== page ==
Sunday, September 14, 2008

Sunday 09/14 (Very) Quickie

UPDATE: All of a sudden, Aaron Rodgers is the best QB in the NFL...

Here's what we learned last night: USC is very very good.

Though it is possible that Ohio State wasn't as good as we though -- it's a fair point. Just as we found in the last two national title games: Were Florida and LSU that good? Or was Ohio State simply not as good as their ranking?

As much as the Trojans put on a show to stake their claim as the best team in the country, the Buckeyes had arguably their biggest humiliation of the Tressel Era (though most OSU fans will likely point to a lack of Beanie Wells as a big factor -- he wouldn't have helped all that much).

The result: USC has pole position for the national-championship game. The rest of their schedule is entirely favorable, and the rest of the Pac-10 looks mediocre, at best. (Aside from USC, it was not a good day for that conference. UCLA was bad, but the loss was predictable; as bad as that margin of defeat was, Arizona State losing to UNLV was much worse for the league.)

And Ohio State has virtually no chance at making the national-title game, even if they go 11-1 en route to a Big Ten title. After this, I think it's possible even a 2-loss Big 12 or SEC champ would earn the poll votes to stay ahead of Ohio State.

Also helping themselves yesterday: Missouri, behind new Heisman front-runner Chase Daniel, and BYU, who took a UCLA team that beat Tennessee and handed them their worst loss since the Great Depression. Also, Penn State was presumably watching the Buckeyes' loss eagerly, even if PSU feasted on lowly Syracuse, proving nothing. Same with Wisconsin, which survived its own night game on the West Coast, against feisty (now-BCS-busted) Fresno State.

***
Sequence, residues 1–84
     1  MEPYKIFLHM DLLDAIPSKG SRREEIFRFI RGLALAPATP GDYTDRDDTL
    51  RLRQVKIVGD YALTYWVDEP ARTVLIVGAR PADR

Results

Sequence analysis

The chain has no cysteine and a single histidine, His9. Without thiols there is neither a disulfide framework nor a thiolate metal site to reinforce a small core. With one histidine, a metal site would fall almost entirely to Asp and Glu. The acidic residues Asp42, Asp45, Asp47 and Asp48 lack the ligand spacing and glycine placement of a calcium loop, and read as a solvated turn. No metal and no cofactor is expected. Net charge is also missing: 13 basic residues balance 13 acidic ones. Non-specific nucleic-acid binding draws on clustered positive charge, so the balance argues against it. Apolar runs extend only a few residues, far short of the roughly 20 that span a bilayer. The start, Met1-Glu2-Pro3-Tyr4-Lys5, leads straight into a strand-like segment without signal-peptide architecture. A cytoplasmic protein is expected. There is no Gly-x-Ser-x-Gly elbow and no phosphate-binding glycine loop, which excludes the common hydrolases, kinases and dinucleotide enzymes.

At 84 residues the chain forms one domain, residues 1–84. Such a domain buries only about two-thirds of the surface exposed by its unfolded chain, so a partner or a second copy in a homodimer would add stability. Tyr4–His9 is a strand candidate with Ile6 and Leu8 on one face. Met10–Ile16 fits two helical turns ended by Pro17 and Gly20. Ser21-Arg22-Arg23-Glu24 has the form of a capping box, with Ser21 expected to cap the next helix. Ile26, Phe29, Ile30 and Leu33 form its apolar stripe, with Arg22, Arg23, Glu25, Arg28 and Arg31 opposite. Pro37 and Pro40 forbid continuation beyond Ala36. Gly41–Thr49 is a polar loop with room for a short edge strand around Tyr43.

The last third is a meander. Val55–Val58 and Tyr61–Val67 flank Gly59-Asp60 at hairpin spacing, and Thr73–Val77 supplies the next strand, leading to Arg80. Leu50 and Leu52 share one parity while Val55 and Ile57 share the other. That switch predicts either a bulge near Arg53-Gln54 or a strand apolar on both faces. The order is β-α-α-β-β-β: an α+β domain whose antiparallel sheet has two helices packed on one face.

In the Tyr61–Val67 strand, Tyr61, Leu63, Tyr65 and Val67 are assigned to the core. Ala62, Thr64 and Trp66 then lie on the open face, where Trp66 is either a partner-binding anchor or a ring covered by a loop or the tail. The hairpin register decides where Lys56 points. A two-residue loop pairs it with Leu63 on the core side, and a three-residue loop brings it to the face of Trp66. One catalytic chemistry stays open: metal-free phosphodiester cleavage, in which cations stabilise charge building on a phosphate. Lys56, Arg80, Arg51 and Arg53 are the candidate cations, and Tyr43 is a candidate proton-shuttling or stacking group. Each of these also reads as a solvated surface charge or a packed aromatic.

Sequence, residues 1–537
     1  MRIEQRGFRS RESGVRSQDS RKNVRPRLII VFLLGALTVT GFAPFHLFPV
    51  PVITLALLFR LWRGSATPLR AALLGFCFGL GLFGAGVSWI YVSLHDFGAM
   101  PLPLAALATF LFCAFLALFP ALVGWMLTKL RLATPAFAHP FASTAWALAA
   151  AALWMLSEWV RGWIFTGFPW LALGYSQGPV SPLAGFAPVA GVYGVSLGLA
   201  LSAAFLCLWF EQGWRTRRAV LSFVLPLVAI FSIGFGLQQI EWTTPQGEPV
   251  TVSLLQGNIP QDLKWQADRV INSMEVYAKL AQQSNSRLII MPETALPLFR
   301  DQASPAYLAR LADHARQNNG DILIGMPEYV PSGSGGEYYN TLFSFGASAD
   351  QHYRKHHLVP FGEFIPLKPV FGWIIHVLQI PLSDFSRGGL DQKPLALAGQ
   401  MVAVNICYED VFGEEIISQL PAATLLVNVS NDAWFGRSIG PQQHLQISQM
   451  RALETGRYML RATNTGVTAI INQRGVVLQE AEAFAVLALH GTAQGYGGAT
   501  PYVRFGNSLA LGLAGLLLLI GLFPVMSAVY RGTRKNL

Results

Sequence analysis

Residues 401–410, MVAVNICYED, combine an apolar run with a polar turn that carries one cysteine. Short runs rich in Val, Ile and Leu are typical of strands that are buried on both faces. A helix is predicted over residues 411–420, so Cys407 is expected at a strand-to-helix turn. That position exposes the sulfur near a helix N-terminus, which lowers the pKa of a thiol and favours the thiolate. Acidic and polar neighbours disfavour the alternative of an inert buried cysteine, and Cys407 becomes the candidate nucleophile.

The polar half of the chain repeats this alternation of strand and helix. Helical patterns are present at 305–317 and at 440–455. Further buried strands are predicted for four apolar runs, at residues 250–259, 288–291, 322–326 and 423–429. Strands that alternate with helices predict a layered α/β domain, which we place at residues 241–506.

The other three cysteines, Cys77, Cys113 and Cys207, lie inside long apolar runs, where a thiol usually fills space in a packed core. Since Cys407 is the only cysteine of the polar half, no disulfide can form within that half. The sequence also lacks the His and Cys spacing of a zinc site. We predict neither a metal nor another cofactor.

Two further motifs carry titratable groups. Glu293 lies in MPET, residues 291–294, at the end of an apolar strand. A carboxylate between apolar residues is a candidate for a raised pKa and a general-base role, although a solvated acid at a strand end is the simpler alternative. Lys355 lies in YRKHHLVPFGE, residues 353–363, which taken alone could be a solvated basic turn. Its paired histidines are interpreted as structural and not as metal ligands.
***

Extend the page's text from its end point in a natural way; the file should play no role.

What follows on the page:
(I'm not going to defend Georgia, but in a slightly SEC-apologist way, I will say that recent history has shown that SEC defenses are brutal; don't let the low scores fool you, although I don't think Georgia played well enough to not drop behind Oklahoma and Mizzou. And having Arizona State unexpectedly lose last night didn't do anything for that "monster" schedule UGA had lined up.)

Not helping themselves yesterday: East Carolina. A win's a win, and no one will remember this game if they end up going 12-0, but I (and presumably others) will drop them in this week's poll.

Outside of CFB, it was a big night for K-Rod, who set the all-time single-season saves record, which last week I wondered was a record that won't be broken by the time he's finished (presumably over 60).

-- D.S.

1 comment:

Matthew said...

I've been thinking this since the Florida game, honestly, and even though I know nothing will happen until Michigan beats OSU a couple of times under Rich-Rod's direction, I have to say it: Heacock and Bollman need to go. (As an OSU fan, I'm pretty sure it's illegal for me to call for the vest's early retirement, but he hasn't impressed anyone, anywhere, in three very important tries, so take that for what it is.)

I'll admit that USC's defense is just better, because, well, good Lord. But there's no reason that, with no shortage of NFL talent on its roster, OSU's defense should look like that against any offense, I don't care whose. And the offense can't escape judgment, either: both coordinators have proven themselves effectively worthless, capable of beating up on inferior teams on the shoulders of talented kids, but not up to the challenge presented by equally (and more) talented squads with better direction.

The lesson should be obvious: no amount of talent can really make up for horrible defensive schemes, unimaginative play-calling, and the kind of discipline deficiencies that lead to ridiculous penalties that come at the worst possible times. I don't know as much about football as a lot of people, but to me, those aren't so much signs that the players aren't talented as signs the coaches aren't doing their jobs.

That said, Rich-Rod needs to make huge progress in the next couple of years and beat OSU a time or two, and maybe, just maybe, OSU will realize that it's coaches are squandering more raw talent than, year in and year out, than most programs will ever see.

And that is why the Big Ten is down. It's not speed, it's not a talent-gap; all the big-time programs have those things (and the disparities ebb and flow). It's the coaches, and they've gotta go.

I mean, honestly, I'd like someone to stand up and answer me, with a straight face: if you swapped the rosters of OSU and USC and play the game again, do you really think OSU would win 35-3? I think not.